Indeed the public by 61-35 percent opposes increased stimulus spending beyond the nearly $790 billion already committed – a dramatic turnaround from 70 percent support for the initial stimulus in January. And "strong" supporters then outnumbered strong opponents by more than 2-1; now it's strong opponents who predominate, 43 percent vs. 18 percent.
In another example of deficit fallout, barely over half, 52 percent, now see Obama as a "new-style Democrat who will be careful with the public's money," down from 62 percent in March. Forty-three percent instead see him as "an old-style, tax-and-spend Democrat," up from 32 percent; his 30-point advantage has shrunk to 9. (Clinton, similarly, went from a 26-point to a 5-point advantage on this question in roughly his first six months.)
It all matters: Among people who say they're worse off financially, 66 percent disapprove of Obama's job performance overall, while just 29 percent approve. And among those still confident his efforts will improve the economy, 92 percent approve of his work in office; among those who lack such confidence, 78 percent disapprove.
That's why, where confidence in his economic efforts goes, the president's overall approval is very likely to follow. (Reagan's not the only example – nor the most dire, since he had time to recover. The first President Bush saw his approval rating plummet by 36 points as result of the 1990-91 recession, costing him re-election.)
It's telling, too, that Obama's approval rating for handling the economy has declined not only by 12 points from its peak among Republicans and 11 points among independents, but also by 9 points from its peak among Democrats. And on the deficit, he's lost 12 points from his peak approval among Democrats, as well as 9 points among Republicans and independents.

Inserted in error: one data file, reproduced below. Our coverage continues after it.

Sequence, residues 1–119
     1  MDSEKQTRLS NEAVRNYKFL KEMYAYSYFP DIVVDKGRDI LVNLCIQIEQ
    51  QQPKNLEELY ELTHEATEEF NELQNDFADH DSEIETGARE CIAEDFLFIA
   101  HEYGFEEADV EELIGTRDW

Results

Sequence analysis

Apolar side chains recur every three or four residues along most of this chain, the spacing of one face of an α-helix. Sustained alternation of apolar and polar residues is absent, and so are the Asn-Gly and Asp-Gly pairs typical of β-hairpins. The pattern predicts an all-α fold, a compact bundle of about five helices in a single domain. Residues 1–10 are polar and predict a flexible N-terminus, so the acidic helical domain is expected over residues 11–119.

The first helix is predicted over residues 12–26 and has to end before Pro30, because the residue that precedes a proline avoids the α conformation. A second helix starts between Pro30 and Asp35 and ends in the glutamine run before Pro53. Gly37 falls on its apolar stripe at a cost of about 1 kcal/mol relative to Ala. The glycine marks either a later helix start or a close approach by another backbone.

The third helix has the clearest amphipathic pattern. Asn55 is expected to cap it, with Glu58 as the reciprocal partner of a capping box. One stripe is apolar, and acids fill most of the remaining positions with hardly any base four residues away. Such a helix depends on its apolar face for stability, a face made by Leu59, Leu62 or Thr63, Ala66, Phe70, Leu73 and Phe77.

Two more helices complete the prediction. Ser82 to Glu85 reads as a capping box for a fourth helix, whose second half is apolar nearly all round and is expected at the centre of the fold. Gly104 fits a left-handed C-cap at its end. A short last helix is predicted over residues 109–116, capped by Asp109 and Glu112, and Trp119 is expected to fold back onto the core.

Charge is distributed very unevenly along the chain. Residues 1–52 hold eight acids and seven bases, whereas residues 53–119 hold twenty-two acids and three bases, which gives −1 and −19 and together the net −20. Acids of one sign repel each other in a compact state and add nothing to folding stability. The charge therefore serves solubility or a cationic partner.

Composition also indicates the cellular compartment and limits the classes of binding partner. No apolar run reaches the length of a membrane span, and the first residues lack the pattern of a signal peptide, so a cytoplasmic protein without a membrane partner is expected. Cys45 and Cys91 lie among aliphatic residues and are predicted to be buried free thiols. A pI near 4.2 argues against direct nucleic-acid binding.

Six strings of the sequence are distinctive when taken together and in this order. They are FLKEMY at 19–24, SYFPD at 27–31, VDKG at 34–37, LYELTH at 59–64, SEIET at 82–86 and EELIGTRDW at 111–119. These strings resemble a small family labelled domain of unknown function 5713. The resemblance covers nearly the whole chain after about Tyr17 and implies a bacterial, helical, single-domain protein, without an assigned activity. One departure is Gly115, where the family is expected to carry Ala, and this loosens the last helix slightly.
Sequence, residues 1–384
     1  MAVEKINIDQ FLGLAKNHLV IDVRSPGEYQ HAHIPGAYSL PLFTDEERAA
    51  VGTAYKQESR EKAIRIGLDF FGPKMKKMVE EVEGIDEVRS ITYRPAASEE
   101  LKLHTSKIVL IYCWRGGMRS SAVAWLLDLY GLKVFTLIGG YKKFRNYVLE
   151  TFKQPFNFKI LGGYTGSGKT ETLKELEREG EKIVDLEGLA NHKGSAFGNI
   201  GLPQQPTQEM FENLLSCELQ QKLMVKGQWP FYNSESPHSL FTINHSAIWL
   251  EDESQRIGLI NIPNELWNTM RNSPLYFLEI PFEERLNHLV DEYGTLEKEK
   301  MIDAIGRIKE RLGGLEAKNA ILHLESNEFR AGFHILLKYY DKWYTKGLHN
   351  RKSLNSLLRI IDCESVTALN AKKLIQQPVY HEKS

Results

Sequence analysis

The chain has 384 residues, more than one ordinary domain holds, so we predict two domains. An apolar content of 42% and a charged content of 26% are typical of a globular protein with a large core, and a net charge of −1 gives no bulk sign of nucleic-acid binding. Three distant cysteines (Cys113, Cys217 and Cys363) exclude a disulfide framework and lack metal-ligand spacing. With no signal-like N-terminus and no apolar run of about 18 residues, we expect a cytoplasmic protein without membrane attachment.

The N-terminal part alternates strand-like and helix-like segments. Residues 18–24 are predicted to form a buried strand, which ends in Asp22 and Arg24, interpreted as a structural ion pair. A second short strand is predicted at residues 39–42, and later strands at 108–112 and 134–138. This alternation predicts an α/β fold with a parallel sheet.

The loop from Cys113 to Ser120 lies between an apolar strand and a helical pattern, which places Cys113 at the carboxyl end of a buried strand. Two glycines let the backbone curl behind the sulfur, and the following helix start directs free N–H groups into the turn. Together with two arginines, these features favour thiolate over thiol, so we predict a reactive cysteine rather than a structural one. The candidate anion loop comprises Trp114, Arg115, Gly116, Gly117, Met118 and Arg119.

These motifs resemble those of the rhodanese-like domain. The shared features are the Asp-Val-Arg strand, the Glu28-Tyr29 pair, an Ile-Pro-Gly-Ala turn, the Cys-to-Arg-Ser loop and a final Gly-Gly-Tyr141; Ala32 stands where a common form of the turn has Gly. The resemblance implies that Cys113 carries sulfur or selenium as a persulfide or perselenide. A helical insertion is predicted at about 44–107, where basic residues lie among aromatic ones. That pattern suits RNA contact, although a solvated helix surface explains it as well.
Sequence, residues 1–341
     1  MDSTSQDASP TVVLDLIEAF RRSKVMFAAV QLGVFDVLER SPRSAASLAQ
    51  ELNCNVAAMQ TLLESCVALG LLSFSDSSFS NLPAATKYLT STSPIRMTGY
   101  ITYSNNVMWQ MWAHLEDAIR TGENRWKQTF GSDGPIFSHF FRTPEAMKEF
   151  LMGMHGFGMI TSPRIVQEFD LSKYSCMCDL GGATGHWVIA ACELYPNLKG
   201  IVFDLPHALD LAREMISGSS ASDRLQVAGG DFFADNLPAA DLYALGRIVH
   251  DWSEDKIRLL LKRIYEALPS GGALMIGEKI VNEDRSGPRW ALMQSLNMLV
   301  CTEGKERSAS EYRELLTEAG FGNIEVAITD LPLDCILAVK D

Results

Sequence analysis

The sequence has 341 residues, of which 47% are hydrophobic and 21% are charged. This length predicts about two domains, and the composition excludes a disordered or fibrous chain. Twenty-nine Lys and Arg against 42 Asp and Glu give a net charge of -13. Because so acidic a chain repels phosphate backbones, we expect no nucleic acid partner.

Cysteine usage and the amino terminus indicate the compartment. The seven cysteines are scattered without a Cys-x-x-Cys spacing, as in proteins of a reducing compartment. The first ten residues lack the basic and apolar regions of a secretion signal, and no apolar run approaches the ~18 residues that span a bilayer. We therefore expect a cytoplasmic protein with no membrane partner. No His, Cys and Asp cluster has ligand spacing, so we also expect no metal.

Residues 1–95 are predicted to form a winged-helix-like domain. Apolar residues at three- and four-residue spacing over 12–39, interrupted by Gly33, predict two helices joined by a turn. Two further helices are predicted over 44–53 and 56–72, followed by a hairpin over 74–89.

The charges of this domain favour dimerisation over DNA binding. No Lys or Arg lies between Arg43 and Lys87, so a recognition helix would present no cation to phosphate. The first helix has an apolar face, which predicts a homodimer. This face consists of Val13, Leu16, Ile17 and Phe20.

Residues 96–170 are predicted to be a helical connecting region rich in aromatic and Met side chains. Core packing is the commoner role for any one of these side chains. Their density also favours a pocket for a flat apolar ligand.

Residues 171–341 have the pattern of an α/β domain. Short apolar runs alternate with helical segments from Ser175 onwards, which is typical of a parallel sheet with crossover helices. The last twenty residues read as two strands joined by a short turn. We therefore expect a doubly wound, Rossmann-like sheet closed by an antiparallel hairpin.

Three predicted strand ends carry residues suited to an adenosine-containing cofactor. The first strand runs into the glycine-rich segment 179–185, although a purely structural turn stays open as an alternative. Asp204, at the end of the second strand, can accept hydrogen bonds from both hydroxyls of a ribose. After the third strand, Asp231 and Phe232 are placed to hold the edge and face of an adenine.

Confidence that Obama's efforts will improve the economy, further, has not only lost 26 points among Republicans since January, but also 20 points among independents. Among Democrats that's down by a milder 7 points.
One better bit for Obama is that he still escapes main blame for the economy's condition in the first place – albeit a bit less so. Sixty-two percent assign the Bush administration a great deal or good amount of blame "for inadequate regulation of the financial industry," down 8 points from March. Separately, 32 percent assign blame to the Obama administration "for not doing enough to turn the economy around" – up by 6 points.
While the president doesn't currently come in for heavy criticism for his focus on top issues, 29 percent do say he's placing "too little" priority on the economy and more, 39 percent, say he's underfocused on the deficit. A quarter say he's spending too much time on health care, but nearly as many say too little.
ATTRIBUTES – For all the challenges on issues, personal appeal can provide the political cartilage that keeps a president popular – as both Reagan and Clinton demonstrated in their presidencies. That Obama retains in good measure – although, again, to a lessened degree.
Sixty-three percent say he "understands the problems of people like you," more than ever said so about George W. Bush, albeit down significantly from 73 percent in April. Sixty-two percent say Obama's brought needed change to Washington – steady from April, but down from the 76 percent who expected him to do so at the start of his term. And 71 percent see him as a strong leader, slightly off its peak, 77 percent, three months ago.